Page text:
Lost in Translation

A review

The stunning Lost in Translation marks a tremendous leap for Sofia Coppola after the admirable but flawed Virgin Suicides, her writing-directing feature debut of three years ago. With Translation, she puts herself on a reputable par with husband Spike Jonze (Being John Malkovich), and if she has a few more of these in her, she could someday seriously rival father Francis (Apocalypse Now, The Godfathers).

Like Wong Kar-Wai’s In the Mood for Love, Lost in Translation is about two people trying to suppress their extramarital attraction to each other. While Coppola’s film possesses Wong’s wistfulness and poetic imagery, it has less of his artsy oppressiveness and emotional distancing. An A-list world-weary actor named Bob Harris (Bill Murray) is in Tokyo making a fast and luxurious buck by doing Santori whiskey ads (Hollywood’s biggest names do lucrative commercials in Japan all the time without facing the humility of doing the same at home). Recent Yale philosophy grad Charlotte (Scarlett Johansson) is the young wife of on-assignment fashion photographer John (Giovanni Ribisi). Having been married for two years, John is still in love with Charlotte but is nevertheless always away at work. The third major character is Tokyo itself, all-enveloping in its infinitely receding horizon yet impenetrable beyond the surface.

Her feelings of abandonment exacerbated by her cultural isolation in Tokyo, Charlotte finally finds relief in the companionship of Bob, himself alienated by the language barrier and by his family life, particularly wife of 25 years Lydia, who only exists as a discordant phone voice nagging him about banal domestic concerns back in the States. The film follows Bob and Charlotte’s progression from strangers to chance-encounter acquaintances to friends who desire to be something more. But in addition to being married, Bob and Charlotte’s age difference of 30-plus years help keep their growing romantic attraction at bay.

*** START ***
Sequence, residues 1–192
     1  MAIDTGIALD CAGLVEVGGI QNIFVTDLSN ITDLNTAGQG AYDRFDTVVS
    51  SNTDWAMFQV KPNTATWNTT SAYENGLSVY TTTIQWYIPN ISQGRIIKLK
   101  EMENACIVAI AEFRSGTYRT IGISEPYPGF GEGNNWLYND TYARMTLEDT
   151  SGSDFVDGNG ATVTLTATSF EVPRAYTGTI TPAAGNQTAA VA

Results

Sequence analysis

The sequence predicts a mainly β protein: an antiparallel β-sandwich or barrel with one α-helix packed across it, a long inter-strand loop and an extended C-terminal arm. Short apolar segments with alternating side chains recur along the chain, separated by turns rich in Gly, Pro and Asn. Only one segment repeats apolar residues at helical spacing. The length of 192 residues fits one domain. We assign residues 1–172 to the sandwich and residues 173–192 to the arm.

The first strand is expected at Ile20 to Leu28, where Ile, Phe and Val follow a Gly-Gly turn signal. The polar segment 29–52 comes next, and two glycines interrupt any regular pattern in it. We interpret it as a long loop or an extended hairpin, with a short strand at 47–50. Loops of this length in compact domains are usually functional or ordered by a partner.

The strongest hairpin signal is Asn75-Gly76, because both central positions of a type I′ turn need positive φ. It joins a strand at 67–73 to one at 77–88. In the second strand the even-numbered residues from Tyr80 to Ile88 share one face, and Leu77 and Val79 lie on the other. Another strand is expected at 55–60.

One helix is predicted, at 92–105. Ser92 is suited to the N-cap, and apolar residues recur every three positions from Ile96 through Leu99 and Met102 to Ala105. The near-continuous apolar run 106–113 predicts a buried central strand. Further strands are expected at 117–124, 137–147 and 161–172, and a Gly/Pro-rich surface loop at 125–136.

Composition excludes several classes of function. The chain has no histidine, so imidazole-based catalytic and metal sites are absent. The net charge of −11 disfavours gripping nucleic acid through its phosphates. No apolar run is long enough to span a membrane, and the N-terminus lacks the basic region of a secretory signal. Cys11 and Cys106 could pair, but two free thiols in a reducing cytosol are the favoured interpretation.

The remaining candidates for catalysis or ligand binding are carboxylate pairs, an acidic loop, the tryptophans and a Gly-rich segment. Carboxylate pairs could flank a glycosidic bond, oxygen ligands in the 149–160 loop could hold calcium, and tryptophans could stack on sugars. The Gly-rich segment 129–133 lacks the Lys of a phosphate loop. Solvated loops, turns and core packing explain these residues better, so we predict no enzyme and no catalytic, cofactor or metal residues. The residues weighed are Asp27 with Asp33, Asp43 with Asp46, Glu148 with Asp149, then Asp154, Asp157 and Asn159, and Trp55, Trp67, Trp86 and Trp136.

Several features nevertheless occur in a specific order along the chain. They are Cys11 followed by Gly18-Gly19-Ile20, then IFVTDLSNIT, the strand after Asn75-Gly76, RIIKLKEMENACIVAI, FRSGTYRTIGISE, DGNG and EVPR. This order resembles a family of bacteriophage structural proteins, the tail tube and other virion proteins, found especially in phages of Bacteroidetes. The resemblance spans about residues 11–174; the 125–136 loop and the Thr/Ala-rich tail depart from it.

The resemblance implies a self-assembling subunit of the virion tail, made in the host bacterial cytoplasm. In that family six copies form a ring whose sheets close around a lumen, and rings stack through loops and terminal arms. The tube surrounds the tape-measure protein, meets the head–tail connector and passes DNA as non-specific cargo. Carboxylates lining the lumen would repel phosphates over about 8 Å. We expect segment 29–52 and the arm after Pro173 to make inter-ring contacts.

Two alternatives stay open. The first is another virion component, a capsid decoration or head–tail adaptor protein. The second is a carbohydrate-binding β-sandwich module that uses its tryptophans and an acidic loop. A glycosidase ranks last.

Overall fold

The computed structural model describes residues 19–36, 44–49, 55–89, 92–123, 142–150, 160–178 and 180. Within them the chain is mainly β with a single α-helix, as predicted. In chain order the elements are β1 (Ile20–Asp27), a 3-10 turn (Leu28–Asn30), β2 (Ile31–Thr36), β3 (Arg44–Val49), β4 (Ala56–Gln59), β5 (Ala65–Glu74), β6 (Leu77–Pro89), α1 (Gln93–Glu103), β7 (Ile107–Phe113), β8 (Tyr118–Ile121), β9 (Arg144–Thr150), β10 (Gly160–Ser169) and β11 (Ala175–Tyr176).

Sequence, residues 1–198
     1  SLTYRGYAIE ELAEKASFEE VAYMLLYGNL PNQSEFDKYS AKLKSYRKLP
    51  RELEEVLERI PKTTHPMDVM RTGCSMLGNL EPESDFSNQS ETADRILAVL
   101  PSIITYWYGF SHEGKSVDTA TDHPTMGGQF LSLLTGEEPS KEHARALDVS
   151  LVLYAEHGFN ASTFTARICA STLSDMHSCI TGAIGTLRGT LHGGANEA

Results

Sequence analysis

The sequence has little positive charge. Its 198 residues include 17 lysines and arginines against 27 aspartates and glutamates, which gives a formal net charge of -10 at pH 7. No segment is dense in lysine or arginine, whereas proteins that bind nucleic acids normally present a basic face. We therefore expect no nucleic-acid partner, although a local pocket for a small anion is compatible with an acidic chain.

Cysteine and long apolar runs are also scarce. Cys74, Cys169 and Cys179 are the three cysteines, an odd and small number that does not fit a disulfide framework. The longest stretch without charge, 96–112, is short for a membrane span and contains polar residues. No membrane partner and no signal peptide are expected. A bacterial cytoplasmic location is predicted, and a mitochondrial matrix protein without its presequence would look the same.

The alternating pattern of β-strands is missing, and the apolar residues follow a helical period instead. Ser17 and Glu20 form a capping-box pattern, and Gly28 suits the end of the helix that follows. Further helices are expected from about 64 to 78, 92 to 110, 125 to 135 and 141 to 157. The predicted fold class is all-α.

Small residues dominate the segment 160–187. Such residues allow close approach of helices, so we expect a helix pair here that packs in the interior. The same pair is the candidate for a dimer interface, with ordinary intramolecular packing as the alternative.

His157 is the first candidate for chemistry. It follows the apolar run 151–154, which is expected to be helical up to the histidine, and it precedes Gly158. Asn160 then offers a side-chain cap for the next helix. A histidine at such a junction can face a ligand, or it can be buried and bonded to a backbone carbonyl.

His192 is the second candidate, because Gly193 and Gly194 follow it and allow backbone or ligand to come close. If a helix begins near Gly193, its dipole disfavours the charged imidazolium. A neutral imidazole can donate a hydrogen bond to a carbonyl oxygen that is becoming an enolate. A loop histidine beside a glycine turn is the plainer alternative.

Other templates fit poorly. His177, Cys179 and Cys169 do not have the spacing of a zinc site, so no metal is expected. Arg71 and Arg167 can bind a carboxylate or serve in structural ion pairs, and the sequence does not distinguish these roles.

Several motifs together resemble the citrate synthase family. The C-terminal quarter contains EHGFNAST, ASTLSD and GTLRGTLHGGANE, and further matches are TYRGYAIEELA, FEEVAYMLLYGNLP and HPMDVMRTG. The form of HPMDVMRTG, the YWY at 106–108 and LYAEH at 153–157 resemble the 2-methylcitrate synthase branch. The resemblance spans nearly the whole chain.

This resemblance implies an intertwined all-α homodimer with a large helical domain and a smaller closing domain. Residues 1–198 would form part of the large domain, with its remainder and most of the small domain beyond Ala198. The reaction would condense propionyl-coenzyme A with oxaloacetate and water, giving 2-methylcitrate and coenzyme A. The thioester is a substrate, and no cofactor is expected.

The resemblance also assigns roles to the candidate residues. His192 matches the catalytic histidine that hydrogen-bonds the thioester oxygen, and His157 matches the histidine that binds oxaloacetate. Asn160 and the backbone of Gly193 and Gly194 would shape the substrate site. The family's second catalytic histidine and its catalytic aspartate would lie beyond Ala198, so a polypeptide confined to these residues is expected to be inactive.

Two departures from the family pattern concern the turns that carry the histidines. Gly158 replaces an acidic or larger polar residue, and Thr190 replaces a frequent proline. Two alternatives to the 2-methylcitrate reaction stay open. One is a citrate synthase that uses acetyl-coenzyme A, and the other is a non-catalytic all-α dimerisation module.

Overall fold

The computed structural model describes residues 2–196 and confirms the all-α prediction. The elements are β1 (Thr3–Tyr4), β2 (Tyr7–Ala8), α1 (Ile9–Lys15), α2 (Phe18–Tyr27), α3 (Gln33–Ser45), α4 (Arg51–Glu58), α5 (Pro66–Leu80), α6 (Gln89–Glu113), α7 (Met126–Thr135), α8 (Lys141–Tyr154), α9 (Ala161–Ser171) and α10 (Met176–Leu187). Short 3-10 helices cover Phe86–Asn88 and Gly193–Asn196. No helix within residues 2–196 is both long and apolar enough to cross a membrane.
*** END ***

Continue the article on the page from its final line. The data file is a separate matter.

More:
While touted in some reviews as a Brief Encounter-like romance, Lost in Translation is much more than that, including an examination of aging — the confusion met upon reaching adulthood, the staleness of married life, and the aloofness of being past your prime. The emotional stand-in for all of this is the characters’ relationship with Tokyo. With the city’s vibrant arcades, colorful pachinko parlors, loony talk shows and bizarre adult entertainment, Coppola presents Asian culture as an alien landscape to most Western eyes. This is the most visceral screen presentation of Japan since Edward Yang’s Yi Yi three years ago. Sitting before her high-rise Hyatt hotel window, Charlotte looks like she’s floating above the city. The shot is an eloquent metaphor — she’s immersed in Tokyo yet separate from it. At first, Bob ridicules what he cannot understand, but gradually, his derision grows more affectionate. He and Charlotte’s rapport with the city evolves simultaneous to their own relationship.

Coppola makes a reference to La Dolce Vita, which Bob and Charlotte watch on television one night. Tokyo may not be Rome, but both cities offer the same futile pleasures to their protagonists. In La Dolce Vita, it’s because the characters are only going through the motions seeking to hide their essential emptiness. In Translation, it’s because they cannot breach the culture gap for any real understanding. For all of Charlotte’s intellectual background, she cannot connect with the spiritualism she observes behind a religious temple ceremony. The end is another nod to Fellini with Charlotte replacing Marcello’s seaside girl as a glimmer of hope.